Nonlinear partial differential equations, vortex filament dynamics, superfluid helium, nonlinear dynamics, non local equations
Nonlinear dispersive partial differential equations occur in a variety of areas within mathematical physics and engineering. We study several classes of such equations, including scalar complex partial differential equations, vector partial differential equations, and finally non-local integro-differential equations. For physically interesting families of these equations, we demonstrate the existence (and, when possible, stability) of specific solutions which are relevant for applications. While multiple application areas are considered, the primary application that runs through the work would be the nonlinear dynamics of vortex filaments under a variety of physical models. For instance, we are able to determine the structure and time evolution of several physical solutions, including the planar, helical, self-similar and soliton vortex filament solutions in a quantum fluid. Properties of such solutions are determined analytically and numerically through a variety of approaches. Starting with complex scalar equations (often useful for studying two-dimensional motion), we progress through more complicated models involving vector partial differential equations and non-local equations (which permit motion in three dimensions). In many of the examples considered, the qualitative analytical results are used to verify behaviors previously observed only numerically or experimentally.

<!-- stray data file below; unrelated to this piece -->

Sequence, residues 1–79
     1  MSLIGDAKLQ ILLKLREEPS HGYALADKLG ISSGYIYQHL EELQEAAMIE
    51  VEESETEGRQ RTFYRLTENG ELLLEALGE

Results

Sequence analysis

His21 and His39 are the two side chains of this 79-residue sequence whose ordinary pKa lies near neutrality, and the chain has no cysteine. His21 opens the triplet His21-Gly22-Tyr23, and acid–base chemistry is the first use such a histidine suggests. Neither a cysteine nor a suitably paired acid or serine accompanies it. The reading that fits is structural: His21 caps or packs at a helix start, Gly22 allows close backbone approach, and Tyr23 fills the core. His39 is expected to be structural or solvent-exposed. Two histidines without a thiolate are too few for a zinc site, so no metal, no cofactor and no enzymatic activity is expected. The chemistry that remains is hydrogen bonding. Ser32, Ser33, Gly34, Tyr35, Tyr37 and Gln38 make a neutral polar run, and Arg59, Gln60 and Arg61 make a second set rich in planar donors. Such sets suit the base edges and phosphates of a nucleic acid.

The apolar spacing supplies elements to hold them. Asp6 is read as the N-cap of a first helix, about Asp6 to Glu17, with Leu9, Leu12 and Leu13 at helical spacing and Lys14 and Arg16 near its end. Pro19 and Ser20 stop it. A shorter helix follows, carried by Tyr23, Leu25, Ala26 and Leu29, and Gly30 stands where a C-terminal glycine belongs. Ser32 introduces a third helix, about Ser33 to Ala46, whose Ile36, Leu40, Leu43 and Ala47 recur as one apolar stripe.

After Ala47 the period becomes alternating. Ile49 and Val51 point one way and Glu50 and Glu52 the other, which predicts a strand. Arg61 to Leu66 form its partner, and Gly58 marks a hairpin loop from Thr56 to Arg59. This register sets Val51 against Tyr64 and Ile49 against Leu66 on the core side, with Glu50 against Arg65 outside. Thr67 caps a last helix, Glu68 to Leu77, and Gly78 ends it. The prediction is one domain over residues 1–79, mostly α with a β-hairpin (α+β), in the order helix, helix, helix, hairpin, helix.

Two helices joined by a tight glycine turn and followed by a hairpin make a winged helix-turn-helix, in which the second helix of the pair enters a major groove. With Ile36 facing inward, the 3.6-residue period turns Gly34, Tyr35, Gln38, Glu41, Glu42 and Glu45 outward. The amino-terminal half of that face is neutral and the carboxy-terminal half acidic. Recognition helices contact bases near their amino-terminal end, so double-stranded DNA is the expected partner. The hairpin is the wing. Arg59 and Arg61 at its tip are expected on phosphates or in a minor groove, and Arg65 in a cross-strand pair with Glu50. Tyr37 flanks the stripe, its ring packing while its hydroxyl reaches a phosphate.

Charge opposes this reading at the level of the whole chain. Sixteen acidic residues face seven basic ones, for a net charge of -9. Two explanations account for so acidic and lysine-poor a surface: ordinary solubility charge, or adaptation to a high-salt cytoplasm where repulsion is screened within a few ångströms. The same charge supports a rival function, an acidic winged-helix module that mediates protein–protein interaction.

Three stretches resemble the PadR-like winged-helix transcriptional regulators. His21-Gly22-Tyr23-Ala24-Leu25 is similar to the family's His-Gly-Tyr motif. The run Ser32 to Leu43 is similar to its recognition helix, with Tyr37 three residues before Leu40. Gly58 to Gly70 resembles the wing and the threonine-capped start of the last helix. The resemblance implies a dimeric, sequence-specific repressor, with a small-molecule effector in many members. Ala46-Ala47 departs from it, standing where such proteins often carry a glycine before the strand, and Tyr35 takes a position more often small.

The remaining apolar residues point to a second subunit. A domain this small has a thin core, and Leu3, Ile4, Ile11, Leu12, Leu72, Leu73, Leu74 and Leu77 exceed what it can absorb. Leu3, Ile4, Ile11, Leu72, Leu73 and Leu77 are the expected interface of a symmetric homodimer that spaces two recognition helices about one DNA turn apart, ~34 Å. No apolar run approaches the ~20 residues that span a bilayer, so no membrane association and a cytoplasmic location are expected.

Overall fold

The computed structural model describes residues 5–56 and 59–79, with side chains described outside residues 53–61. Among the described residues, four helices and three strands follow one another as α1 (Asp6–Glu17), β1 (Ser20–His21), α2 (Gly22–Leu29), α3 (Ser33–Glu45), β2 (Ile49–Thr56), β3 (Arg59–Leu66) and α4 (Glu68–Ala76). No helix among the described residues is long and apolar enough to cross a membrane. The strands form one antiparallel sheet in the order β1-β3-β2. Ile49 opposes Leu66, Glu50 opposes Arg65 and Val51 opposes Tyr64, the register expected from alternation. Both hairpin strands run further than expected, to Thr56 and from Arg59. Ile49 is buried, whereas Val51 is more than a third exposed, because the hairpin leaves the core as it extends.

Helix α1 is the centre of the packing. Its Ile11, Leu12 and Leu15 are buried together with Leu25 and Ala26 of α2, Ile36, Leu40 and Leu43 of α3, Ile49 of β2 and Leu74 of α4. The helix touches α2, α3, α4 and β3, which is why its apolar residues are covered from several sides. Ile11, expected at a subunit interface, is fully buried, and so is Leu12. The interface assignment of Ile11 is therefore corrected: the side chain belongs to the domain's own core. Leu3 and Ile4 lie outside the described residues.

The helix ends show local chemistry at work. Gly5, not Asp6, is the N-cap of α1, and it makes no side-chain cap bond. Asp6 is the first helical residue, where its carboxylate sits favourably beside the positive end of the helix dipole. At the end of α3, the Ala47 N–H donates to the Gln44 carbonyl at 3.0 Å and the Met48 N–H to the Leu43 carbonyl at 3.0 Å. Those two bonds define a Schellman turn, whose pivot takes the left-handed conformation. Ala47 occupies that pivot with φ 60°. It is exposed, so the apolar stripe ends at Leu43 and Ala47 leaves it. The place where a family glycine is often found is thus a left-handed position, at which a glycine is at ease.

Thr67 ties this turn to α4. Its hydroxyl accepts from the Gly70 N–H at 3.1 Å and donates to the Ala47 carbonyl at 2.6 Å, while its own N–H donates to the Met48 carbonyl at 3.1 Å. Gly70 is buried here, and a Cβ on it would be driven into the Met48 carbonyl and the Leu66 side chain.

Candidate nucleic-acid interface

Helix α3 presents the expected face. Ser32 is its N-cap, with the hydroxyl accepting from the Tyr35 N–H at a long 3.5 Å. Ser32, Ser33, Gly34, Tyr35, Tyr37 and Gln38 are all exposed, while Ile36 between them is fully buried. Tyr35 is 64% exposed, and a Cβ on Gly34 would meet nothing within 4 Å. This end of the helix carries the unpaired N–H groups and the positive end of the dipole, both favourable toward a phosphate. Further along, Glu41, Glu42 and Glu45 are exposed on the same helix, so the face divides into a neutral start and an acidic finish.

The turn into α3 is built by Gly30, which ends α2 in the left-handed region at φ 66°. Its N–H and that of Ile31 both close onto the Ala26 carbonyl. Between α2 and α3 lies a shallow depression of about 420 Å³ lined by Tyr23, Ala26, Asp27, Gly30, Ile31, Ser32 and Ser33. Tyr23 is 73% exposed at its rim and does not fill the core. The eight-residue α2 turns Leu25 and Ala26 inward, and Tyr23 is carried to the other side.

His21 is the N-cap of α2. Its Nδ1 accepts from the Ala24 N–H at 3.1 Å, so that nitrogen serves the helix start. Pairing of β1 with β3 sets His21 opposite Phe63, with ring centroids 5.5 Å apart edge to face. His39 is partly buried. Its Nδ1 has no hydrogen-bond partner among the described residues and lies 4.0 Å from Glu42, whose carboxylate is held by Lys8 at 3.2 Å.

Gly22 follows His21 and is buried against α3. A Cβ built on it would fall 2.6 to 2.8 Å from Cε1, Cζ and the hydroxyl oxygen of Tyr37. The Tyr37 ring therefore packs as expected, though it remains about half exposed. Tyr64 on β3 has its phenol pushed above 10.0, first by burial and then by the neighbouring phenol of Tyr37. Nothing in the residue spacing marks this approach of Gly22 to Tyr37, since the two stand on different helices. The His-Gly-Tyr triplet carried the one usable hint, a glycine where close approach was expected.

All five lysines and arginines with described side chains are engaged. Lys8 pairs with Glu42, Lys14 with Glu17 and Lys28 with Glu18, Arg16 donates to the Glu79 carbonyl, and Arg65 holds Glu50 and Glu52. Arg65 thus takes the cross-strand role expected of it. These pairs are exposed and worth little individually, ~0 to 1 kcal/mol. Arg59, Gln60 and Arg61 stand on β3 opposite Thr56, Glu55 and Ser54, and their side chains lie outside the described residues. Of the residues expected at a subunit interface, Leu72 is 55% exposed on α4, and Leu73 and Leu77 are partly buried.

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Doctor of Philosophy (Ph.D.)
College of Sciences
Length of Campus-only Access
Doctoral Dissertation (Campus-only Access)
Dissertations, Academic -- Sciences; Sciences -- Dissertations, Academic
VanGorder, Robert, "Nonlinear dispersive partial differential equations of physical relevance with applications to vortex dynamics" (2014). Electronic Theses and Dissertations. 4835.